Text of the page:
The chimney is exposed to wind actions at both high
and low temperatures, and has to respond to wind loads
while being prestressed with temperature loads.
Stochastic behaviour of wind loads makes certain
components of steel chimney structure prone to fatigue.
Condensation of the stack gases on the inner side of
chimney causes formation of acid droplets resulting in
high corrosion. The ambient atmosphere surrounding
the chimney also caused additional corrosion because of
worn surface coating.
Table 1. Chimney basic data
Height (H) 60000 mm
Flue duct outer diameter (D
f
) 3000 mm
Windshield outer diameter (D
w
) 3300 mm
Base plate diameter (D
b
) 4470 mm
Thickness of windshield (
w
) 13.9 3.7 mm
Thickness of flue stack (
f
) 5.3 4.1 mm
Stiffening ribs height (H
s
) 5000 mm
Material S235JRG2
R
eh
= 235 MPa
R
m
= 340 470 MPa

Combination of mechanical, chemical and thermal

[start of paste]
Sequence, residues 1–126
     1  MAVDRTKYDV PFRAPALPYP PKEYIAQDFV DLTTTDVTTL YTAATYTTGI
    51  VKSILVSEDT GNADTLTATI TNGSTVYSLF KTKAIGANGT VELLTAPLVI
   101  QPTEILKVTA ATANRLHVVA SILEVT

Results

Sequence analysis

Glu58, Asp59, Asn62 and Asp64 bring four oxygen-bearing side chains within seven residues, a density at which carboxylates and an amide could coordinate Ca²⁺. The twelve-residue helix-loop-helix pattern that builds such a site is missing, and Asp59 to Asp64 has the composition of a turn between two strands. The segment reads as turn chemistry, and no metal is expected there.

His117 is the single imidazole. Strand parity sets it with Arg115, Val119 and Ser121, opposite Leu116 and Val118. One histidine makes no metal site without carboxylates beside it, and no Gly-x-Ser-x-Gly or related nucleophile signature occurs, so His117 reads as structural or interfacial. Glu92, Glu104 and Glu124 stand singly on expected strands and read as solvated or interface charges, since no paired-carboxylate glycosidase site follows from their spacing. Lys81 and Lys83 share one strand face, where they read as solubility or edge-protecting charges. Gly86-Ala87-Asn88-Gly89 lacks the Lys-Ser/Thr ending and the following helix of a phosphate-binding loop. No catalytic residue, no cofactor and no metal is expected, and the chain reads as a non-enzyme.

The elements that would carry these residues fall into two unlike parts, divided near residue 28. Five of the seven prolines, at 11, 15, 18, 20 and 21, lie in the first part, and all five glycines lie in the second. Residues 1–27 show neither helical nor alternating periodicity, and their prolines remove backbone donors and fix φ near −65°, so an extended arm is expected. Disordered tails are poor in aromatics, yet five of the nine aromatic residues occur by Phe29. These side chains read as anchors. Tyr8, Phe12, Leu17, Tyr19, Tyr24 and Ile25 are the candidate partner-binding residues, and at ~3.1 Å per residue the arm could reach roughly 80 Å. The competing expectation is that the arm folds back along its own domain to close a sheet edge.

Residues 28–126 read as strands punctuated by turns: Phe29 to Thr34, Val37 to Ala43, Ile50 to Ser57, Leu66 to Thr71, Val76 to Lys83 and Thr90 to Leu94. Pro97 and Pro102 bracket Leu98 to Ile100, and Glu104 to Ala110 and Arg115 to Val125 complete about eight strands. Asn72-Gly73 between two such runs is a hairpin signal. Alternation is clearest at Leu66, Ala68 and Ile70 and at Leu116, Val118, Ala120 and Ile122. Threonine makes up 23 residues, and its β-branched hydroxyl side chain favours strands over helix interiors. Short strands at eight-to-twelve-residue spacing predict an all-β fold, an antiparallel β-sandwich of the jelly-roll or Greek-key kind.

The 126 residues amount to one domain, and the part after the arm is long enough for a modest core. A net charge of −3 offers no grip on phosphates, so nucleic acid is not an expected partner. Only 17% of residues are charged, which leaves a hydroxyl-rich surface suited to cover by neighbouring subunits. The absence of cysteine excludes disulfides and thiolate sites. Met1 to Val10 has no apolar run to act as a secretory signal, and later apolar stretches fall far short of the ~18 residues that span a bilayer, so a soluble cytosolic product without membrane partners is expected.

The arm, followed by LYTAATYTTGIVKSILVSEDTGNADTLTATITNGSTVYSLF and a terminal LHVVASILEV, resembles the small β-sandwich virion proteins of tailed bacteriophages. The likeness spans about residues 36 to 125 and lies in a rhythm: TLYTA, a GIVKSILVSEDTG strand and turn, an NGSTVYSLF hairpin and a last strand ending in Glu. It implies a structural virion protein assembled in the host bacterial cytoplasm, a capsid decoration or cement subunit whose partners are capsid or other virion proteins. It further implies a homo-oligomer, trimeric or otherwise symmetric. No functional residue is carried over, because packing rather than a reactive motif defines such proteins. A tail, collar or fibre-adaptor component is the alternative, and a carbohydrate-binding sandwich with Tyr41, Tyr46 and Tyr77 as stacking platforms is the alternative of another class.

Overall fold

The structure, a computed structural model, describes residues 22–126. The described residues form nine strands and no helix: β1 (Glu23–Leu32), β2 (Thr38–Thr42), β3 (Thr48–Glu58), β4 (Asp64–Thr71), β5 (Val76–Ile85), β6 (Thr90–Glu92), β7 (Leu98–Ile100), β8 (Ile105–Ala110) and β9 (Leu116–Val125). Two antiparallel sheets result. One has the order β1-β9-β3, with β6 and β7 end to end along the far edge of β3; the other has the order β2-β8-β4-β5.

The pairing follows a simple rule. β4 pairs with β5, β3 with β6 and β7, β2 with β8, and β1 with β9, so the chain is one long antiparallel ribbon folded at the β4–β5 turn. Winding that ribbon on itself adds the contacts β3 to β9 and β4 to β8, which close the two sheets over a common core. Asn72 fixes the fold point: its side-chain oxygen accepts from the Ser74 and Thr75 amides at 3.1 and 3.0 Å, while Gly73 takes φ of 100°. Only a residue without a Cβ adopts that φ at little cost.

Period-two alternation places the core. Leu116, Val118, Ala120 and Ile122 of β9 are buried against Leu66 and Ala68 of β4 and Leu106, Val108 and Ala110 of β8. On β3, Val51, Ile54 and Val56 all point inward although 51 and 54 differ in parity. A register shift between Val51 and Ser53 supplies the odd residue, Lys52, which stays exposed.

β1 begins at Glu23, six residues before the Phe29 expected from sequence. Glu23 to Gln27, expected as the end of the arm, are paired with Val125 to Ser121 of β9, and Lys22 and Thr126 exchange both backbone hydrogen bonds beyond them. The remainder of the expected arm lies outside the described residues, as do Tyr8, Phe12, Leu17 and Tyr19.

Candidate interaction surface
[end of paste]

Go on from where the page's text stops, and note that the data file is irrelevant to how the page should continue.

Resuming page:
loads can cause various types of damage that can
endanger the integrity of steel chimney structure.
Performing of regular maintenance activities is
therefore required.

3. VISUAL INSPECTION OF THE CHIMNEY

To make all cracks clearly visible, root section of
chimney was sanded. After detailed visual inspection of
chimney [17] it was found that:
A total of six cracks are initiated at root segment
of chimney structure;
All cracks are initiated on the upper corners of
flue duct entries;
Two cracks are longer than 400 mm with varying
propagation direction at outer wall;
Four cracks are shorter than 100 mm with
vertical propagation direction at the outer wall.

Figure 2. Basic dimensions of the chimney
Largest crack (A
1
) is initiated at the upper right
corner of flue duct entry located on the left side of the